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Case report of anticonvulsant hypersensitivity syndrome complicated by a concomitant atypical pneumonia

Roza Chaireti, MD

Department of Acute Internal Medicine, Acute Medicine Unit and Coagulation Unit, Linköping University Hospital, Linköping, Sweden

Katarzyna Nordström, MD

Department of Nephrology, Linköping University Hospital, Linköping, Sweden

KEYWORDS: lamotrigine, pneumonia, anticonvulsant hypersensitivity syndrome



The following case-report illustrates overlapping symptoms of anticonvulsant hypersensitivity syndrome (AHS) and atypical infections, which might delay diagnosis of AHS.

A 23-year-old, healthy, white female presented to the emergency department (ED) of the University Hospital of Linköping, in Sweden, with a 1-week history of fever, rigidity, malaise, and abdominal pain. The patient started taking lamotrigine, 25 mg/d, 1 week earlier to treat depression. She did not take any other medications. Physical examination noted a generalized pruritic cutaneous rash and a painful lymph node under the jaw. The abdomen palpation revealed diffuse tenderness. The lung auscultation revealed fine crepitations on the right lower side. Her temperature was 38.4°C. Laboratory findings included: C-reactive protein (CRP) 141 mg/L (normal range, <10 mg/L), thrombocyte count 99×103 / μL (normal range, 160 to 390×103 / μL), mild transaminase elevation, and normal leukocyte count.

Pulmonary radiography suggested the presence of an infiltrate at the right bottom lobe. Blood cultures were positive for Mycoplasma pneumoniae and treatment with tetracycline antibiotics was initiated. Lamotrigine was discontinued at admission because of suspected AHS; however, AHS later was ruled out because the patient’s condition was judged to be M. pneumoniae pneumonia because of the suggestive symptoms and she improved with antibiotics.1

The patient was discharged in excellent condition and was prescribed tetracycline antibiotics for a treatment period of 10 days.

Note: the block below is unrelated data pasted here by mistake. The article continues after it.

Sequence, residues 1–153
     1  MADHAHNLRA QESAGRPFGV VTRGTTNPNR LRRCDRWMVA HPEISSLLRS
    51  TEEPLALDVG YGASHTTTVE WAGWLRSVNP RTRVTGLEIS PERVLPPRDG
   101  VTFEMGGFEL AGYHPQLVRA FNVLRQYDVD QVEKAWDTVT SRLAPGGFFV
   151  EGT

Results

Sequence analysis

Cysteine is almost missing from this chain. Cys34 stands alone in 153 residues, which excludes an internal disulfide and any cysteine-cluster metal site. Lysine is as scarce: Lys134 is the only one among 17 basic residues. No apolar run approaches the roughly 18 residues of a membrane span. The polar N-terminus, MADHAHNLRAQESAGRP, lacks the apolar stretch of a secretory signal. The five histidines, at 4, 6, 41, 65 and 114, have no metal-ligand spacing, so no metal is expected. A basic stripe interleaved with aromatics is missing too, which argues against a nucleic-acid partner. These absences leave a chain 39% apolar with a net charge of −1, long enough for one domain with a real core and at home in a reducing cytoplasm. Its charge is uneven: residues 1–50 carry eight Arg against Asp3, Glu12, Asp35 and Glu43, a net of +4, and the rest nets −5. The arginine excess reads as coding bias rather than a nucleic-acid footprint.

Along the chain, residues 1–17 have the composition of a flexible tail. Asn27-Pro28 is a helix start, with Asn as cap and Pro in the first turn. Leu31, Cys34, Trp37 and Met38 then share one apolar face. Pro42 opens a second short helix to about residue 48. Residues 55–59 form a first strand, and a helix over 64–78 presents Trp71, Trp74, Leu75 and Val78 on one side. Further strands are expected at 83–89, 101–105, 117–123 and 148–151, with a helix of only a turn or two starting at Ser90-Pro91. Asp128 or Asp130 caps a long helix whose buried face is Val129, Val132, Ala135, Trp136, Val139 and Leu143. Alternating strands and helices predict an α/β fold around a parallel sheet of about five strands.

The patient started taking lamotrigine again (25 mg/d) a few days after discharge and after she had stopped antibiotic treatment. Twenty minutes after the first dose she experienced rigidity and abdominal discomfort, and developed Quincke’s edema and urticaria. At the ED her oxygen saturation was 85%, blood pressure 90 / 30 mm Hg, and pulse 100 beats per minute. She was treated with adrenalin, cortisone, fluids, antihistamines with immediate effect, and antibiotics (cephalosporins). The laboratory workup showed leukocytes 14,300 / μL (normal range, 3,500 to 8,800 / μL), eosinopenia, neutrophilia, CRP 42 mg/L, procalcitonin 9.2 μg/L (normal range, >2 μg/L), and elevated transaminases. The patient was discharged 2 days later with prescriptions for antibiotics and cortisone.

The patient’s condition ultimately was judged to be AHS, complicated by the presence of a concomitant atypical pneumonia.

The connection between lamotrigine and AHS has been established through case reports,2-4 although its etiology remains largely unknown.3 The symptoms of AHS include fever, rash, lymphadenopathy, and hepatitis.2 Laboratory features include leukocytosis, eosinophilia, and transaminase elevation,2 which were present in our patient. This, combined with the reappearance of symptoms after reintroducing the drug confirmed the AHS diagnosis. The syndrome usually presents an average of 5 weeks after treatment initiation.4

Our report underlines the importance of recognizing this rare syndrome early before it leads to potentially life-threatening complications. It also illustrates that AHS may mimic other, more common morbidities such as atypical infections, as was the case in our patient. It is important that AHS is considered early in the diagnostic algorithm when there are suggestive clinical and laboratory findings in patients receiving lamotrigine.

DISCLOSURES: The authors report no financial relationship with any company whose products are mentioned in this article or with manufacturers of competing products.


  1. Kashyap S, Sarkar M. Mycoplasma pneumonia: clinical features and management. Lung India. 2010;27:75–85.
  2. Ouellet G, Tremblay L, Marleau D. Fulminant hepatitis induced by lamotrigine. South Med J. 2009;102:82–84.
  3. Mansur AT, Pekcan Yaşar S, Göktay F. Anticonvulsant hypersensitivity syndrome: clinical and laboratory features. Int J Dermatol. 2008;47:1184–1189.
  4. Schlienger RG, Knowles SR, Shear NH. Lamotrigine-associated anticonvulsant hypersensitivity syndrome. Neurology. 1998;51:1172–1175.

CORRESPONDENCE: Roza Chaireti, MD, Department of Acute Internal Medicine and Coagulation Disorders, Linköping University Hospital, 581 85 Linköping, Sweden, E-MAIL: